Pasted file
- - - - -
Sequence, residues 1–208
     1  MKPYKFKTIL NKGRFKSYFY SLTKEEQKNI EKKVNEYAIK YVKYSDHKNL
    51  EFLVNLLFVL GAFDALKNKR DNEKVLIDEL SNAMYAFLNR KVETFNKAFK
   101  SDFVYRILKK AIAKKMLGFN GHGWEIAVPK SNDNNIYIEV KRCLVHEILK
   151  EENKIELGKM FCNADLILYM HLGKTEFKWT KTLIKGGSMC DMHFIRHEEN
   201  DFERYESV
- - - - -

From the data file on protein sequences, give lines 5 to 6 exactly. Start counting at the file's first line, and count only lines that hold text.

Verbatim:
   151  EENKIELGKM FCNADLILYM HLGKTEFKWT KTLIKGGSMC DMHFIRHEEN
   201  DFERYESV